Runner's Knee Treatment (Patellafemoral Knee Pain)
Explaining Runner's Knee
What is Runner's Knee (Patellafemoral Pain Syndrome)?
If you’re an active person who enjoys running or other sports, and you’re facing chronic knee pain in the area surrounding and behind the knee cap, you may be dealing with patellafemoral pain syndrome (also known as Runner’s Knee). If so, you are looking online for a safe and effective runner’s knee treatment.
The patella (knee cap) is sheathed in a cushioned complex of muscles, tendons and cartilage that must all work in unison to support and move the leg properly. Overuse injuries (such as patellar tendinitis or bursitis of the knee) as well as the signs of aging (like knee arthritis, gout and deterioration of the cartilage) can all play a part in bringing on chronic knee pain, but the most common cause is the strain and impact caused by running. All of these injuries lead people to seek out effective forms of runner’s knee treatment or runner’s knee pain relief.
Understandably, then, the individuals most prone to develop patellafemoral pain syndrome are athletes involved in sports that require a lot of running, like soccer or track and field events. Hence, the condition’s common name, Runner’s Knee.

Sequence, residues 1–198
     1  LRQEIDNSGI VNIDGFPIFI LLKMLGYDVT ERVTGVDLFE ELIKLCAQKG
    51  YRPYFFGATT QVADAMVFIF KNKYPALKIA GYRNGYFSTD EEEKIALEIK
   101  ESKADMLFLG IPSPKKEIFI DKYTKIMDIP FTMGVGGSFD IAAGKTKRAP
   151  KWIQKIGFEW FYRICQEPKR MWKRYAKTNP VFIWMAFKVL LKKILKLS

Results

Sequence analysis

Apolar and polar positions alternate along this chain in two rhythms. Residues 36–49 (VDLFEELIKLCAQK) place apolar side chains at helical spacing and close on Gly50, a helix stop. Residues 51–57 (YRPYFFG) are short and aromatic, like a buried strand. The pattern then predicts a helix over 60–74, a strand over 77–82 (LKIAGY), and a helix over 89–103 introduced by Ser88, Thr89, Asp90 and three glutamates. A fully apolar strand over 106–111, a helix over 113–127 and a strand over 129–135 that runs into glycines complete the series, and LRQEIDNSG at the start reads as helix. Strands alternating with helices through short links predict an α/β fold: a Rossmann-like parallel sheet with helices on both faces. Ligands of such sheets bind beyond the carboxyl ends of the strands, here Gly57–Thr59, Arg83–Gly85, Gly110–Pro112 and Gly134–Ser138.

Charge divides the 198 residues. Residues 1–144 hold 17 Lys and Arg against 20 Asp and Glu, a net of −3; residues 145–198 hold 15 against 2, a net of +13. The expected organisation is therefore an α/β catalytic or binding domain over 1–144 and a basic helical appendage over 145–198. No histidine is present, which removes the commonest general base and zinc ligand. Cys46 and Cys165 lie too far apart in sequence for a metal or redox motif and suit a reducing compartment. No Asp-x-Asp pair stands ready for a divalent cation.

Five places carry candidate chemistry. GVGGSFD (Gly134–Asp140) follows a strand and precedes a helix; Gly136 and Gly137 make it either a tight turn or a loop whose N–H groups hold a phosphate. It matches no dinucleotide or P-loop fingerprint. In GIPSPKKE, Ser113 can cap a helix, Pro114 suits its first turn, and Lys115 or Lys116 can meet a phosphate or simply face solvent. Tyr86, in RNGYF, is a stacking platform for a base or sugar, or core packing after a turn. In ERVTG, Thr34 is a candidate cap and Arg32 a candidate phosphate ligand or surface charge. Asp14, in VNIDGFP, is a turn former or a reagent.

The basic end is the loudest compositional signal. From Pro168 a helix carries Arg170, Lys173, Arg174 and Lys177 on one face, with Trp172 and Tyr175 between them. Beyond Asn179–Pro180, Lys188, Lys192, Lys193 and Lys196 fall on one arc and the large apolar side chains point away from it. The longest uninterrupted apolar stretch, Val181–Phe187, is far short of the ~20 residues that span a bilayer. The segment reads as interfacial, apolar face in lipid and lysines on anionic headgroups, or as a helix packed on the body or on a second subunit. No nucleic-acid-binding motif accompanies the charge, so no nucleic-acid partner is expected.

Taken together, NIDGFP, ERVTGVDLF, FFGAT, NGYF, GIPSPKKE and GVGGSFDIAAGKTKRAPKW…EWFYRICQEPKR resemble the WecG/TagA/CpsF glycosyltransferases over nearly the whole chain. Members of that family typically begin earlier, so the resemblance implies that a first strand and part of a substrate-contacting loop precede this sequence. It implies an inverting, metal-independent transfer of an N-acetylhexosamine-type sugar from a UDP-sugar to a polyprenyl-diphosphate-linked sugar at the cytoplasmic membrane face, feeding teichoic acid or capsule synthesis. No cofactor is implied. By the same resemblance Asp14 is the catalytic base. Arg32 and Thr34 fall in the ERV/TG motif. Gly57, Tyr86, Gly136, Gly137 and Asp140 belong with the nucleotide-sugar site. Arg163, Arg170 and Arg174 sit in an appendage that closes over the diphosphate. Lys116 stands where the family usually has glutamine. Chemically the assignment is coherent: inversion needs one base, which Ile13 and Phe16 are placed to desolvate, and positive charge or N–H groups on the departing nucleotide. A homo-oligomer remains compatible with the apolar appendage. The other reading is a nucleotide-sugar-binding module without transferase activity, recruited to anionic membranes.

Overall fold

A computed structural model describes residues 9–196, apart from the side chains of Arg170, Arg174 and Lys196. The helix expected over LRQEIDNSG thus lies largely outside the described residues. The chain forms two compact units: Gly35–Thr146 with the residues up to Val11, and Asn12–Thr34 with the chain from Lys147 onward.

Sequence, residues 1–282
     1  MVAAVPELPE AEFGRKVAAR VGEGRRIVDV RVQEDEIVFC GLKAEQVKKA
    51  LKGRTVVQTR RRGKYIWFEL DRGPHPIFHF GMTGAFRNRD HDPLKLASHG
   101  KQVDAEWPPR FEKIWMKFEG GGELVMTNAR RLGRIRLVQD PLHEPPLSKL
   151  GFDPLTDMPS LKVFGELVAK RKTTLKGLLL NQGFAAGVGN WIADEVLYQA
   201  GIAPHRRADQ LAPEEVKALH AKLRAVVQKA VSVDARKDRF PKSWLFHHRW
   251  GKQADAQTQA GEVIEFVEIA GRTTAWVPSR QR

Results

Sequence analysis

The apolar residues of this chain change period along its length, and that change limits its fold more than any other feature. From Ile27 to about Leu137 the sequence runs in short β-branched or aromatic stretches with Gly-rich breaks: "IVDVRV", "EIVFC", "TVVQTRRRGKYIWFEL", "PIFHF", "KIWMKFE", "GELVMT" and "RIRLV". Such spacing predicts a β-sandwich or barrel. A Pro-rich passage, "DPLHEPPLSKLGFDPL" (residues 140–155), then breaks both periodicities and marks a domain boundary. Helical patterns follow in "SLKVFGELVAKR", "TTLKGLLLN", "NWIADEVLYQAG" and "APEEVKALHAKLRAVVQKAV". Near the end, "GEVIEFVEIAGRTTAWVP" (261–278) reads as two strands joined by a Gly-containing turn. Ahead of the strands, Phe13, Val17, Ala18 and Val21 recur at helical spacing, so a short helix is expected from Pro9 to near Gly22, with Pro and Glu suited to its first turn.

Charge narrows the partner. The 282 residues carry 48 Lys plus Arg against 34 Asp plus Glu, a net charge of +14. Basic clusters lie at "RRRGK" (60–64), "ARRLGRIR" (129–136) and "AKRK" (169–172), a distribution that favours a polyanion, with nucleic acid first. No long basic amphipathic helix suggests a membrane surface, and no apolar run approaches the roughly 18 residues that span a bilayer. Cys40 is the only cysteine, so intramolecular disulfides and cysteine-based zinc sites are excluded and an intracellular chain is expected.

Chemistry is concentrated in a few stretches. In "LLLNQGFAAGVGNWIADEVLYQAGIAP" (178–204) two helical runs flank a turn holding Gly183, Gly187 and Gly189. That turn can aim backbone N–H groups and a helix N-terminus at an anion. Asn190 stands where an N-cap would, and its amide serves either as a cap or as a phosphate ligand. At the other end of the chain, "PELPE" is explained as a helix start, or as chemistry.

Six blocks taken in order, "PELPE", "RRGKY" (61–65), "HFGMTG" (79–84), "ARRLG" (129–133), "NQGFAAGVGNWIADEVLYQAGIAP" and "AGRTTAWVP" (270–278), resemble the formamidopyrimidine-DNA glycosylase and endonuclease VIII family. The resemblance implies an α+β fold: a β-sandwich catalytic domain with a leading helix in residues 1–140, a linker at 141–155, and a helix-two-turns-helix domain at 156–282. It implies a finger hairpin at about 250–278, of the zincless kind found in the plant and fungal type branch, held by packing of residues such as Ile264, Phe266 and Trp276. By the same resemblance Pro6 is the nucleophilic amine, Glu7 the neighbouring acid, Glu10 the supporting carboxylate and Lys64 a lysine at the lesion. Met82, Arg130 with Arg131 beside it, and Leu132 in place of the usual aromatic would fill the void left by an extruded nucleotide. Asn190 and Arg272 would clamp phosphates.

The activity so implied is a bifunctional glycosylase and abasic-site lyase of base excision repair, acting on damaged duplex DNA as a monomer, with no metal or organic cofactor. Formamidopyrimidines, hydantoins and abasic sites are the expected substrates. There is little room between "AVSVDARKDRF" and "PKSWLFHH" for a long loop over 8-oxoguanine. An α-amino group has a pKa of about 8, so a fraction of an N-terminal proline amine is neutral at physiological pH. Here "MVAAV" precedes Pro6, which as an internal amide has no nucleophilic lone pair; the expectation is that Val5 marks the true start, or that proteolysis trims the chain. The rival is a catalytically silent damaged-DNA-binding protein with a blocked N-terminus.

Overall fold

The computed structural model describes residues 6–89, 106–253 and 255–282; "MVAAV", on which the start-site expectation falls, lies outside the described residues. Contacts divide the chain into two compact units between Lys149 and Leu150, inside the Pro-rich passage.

But you don’t have to be an athlete to deal with this common cause of chronic knee pain.
Runner's Knee Symptoms
- Progressively worsening pain behind the knee cap
- Knee buckling
- A grinding or popping sensation in the knee when in use
It’s normal for runners and other active people to deal with soreness and pain in muscles and joints for a day or more after an intense workout. But chronic pain that starts at the workout and gets progressively worse is likely a sign of injury or a chronic inflammation.
Runner’s knee is an inflammation of the cartilage behind the kneecap that involves pain behind and surrounding the patella, usually beginning after a particularly strenuous period of exercise. But, unlike standard next-day soreness, this knee pain eventually progresses to the point of interfering with everyday activities such as walking and going down stairs. It can even cause pain when the knee is stationary in a bent position (such as while sitting at a desk or on the couch).
In some cases, the sufferer’s knee will buckle, losing stability and being unable to support the individual’s weight any longer. Audible grinding or popping sounds, or a feeling like the knee is “catching” as it bends can also accompany the progressive pain of runner’s knee. All of these painful symptoms require an effective Runner’s Knee Treatment such as our KS7 Compression Knee Sleeve..
Runner's Knee Causes and Risk Factors
- Consistent over exertion
- Poorly balanced muscle development
- Excess weight
- Inflexibility (especially of the hamstring and quadriceps)
- Overpronation, underpronation, or flat feet
- Congenital hip/ankle/knee imbalances
Runner’s knee is a blanket term that describes a number of different conditions resulting in chronic knee pain. In most cases, it is caused by the wearing down and inflammation of the cartilage that lines the area between the femur (thigh bone), the tibula (shin bone) and the patella (knee cap). It can also include tendon or ligament tears in the same area, or bursitis (an inflammation of the fluid-filled bursae that serve as lubricants to the knee’s movement).